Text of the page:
Sulzer said that the results support the hypothesis that PD is caused by mislocalization of dopamine from intracellular vesicles to the cytoplasm resulting from insufficient VMAT2 activity. "It does now look like PD patients have reduced levels of dopamine transport," said Sulzer.

The next step is to understand how VMAT2 activity becomes compromised in PD. Pifl said that his team has ruled out some simple possibilities such as defective vesicular proton gradients. The group now is looking for cellular factors that differentially regulate VMAT2's activity in patients with PD versus controls.

"The most important question is why isn't VMAT2 working," said Pifl. "There is no evidence that levels of the protein are affected. We can speculate that there are post-translational modifications to the pump, but none have been found yet."

Edwards cautioned that Pifl's findings do not prove that compromised VMAT2 activity is the sole cause of idiopathic PD because there could be other ways to increase cytoplasmic dopamine besides inactivating VMAT2.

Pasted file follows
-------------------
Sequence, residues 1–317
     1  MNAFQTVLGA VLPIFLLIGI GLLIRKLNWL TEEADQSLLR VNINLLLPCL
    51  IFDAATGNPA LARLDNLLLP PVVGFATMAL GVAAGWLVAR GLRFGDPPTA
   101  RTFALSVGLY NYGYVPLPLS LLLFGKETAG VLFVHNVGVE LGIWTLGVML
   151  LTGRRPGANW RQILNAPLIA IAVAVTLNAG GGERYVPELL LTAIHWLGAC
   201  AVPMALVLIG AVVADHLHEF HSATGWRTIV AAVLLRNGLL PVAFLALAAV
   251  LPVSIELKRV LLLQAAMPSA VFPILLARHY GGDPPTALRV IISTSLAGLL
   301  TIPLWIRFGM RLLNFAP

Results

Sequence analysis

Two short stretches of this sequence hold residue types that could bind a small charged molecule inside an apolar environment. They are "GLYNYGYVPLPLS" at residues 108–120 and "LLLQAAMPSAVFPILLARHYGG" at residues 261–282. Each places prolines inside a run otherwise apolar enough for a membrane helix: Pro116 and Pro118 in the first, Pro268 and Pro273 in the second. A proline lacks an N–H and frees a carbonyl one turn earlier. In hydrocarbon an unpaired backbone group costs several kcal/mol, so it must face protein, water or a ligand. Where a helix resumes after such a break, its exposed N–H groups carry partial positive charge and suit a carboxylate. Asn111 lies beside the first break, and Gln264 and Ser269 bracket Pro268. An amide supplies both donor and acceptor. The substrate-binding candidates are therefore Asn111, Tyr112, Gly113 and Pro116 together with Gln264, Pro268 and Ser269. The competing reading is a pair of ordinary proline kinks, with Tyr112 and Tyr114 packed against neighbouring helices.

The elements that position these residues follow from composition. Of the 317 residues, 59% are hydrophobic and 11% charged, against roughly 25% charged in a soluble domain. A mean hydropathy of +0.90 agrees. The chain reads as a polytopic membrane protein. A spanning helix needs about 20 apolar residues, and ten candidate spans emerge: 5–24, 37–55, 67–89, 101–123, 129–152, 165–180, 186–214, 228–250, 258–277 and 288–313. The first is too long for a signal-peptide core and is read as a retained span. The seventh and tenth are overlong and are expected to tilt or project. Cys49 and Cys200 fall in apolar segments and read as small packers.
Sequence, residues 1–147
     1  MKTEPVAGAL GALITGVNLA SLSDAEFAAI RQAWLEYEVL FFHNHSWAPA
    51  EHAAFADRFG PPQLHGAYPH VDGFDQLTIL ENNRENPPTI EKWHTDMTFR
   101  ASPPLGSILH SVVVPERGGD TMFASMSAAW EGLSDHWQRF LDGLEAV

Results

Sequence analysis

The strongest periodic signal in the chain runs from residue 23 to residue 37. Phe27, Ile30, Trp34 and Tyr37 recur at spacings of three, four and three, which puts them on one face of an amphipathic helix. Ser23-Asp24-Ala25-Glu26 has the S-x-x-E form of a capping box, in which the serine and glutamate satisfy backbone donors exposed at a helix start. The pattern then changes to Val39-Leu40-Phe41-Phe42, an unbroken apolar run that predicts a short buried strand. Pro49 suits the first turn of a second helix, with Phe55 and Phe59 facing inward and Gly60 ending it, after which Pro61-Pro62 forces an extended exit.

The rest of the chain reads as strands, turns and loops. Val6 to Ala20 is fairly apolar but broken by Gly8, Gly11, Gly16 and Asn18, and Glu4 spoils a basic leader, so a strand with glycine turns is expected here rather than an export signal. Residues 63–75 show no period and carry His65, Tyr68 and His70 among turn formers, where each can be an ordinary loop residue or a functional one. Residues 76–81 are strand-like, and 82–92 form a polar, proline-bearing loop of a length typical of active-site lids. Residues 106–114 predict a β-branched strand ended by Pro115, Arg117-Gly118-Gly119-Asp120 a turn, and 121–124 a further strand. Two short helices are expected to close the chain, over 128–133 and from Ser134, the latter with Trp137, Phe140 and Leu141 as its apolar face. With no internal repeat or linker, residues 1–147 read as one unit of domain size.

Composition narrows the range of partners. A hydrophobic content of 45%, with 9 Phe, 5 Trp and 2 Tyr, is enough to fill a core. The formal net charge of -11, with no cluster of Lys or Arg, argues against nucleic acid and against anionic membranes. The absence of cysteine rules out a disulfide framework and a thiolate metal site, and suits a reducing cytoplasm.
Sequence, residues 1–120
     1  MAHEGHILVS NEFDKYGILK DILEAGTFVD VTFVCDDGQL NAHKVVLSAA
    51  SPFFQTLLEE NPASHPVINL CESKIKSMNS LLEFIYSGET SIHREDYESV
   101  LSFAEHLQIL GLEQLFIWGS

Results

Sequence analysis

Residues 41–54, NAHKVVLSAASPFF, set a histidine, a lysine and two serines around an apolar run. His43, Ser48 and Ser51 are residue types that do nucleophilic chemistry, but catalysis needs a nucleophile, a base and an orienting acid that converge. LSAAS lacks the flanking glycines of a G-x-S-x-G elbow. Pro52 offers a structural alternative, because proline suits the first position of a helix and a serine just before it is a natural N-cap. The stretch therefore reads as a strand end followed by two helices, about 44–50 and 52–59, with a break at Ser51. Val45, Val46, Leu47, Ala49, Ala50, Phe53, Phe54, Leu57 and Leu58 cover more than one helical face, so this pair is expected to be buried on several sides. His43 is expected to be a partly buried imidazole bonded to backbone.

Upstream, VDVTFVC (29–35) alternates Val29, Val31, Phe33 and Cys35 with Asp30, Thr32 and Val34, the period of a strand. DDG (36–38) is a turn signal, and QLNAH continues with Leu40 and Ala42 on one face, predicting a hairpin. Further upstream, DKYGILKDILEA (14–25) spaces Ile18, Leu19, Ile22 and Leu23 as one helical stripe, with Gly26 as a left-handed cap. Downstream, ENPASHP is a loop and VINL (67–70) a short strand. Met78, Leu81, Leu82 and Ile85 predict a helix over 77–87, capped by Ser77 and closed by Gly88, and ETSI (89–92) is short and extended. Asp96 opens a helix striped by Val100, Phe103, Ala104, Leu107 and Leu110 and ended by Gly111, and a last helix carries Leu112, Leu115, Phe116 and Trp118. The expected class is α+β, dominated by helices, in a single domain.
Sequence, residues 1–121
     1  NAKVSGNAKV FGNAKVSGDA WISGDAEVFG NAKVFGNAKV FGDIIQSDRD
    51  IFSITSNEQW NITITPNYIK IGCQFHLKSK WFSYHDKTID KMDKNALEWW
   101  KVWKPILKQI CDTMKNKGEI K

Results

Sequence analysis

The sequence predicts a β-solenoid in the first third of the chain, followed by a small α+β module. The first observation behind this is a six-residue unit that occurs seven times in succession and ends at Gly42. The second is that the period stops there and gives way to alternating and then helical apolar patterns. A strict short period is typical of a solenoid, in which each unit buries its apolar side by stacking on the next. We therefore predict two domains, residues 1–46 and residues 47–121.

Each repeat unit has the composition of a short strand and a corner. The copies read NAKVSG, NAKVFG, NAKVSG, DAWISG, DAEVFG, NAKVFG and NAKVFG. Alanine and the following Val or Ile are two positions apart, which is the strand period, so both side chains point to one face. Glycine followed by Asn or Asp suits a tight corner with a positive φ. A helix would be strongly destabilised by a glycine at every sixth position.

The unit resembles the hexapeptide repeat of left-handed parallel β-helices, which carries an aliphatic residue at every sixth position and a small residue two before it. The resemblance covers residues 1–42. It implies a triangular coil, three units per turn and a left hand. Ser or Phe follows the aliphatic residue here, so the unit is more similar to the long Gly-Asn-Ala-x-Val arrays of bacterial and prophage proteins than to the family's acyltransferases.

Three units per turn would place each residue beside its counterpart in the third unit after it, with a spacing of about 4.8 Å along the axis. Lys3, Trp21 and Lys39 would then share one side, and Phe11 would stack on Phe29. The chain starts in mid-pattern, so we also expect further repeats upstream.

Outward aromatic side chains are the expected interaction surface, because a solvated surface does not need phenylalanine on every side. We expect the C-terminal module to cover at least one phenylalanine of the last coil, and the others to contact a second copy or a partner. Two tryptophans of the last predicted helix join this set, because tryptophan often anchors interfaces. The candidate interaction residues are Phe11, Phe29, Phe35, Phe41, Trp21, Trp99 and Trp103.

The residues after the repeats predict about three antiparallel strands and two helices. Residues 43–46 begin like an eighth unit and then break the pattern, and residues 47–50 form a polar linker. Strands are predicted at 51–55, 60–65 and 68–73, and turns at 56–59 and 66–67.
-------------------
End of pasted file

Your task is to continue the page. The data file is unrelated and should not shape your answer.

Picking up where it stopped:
Going to the VMAT

Whereas Pifl's findings imply that increasing VMAT2 activity could have a therapeutic effect, Miller's mouse findings show this is indeed the case.

Miller's team overexpressed murine Vmat2 in the dopaminergic regions of mouse brains and saw increased dopamine transport into synaptic vesicles in ex vivo brain lysates compared with what was seen with endogenous Vmat2 expression. The engineered mice stored and secreted more dopamine than controls, mimicking the pro-dopaminergic effects of PD therapies such as l-dopa.

Vmat2 overexpression increased locomotion and decreased anxiety in mouse behavioral assays, as would be expected from raising dopamine levels. Miller's Vmat2-enriched mice also proved more resistant to MPTP toxicity than wild-type animals, likely because the now-abundant transporter could safely dispose of the toxin into vesicles.

The findings were reported in the Proceedings of the National Academy of Sciences and are not patented.

Altogether, Miller's results show that elevating VMAT2 activity could stimulate intracellular vesicular transport as a way to detoxify dopamine. "People said that the vesicles were maximally full and increasing dopamine transport wouldn't do anything, but our data clearly show that this is not the case," said Miller.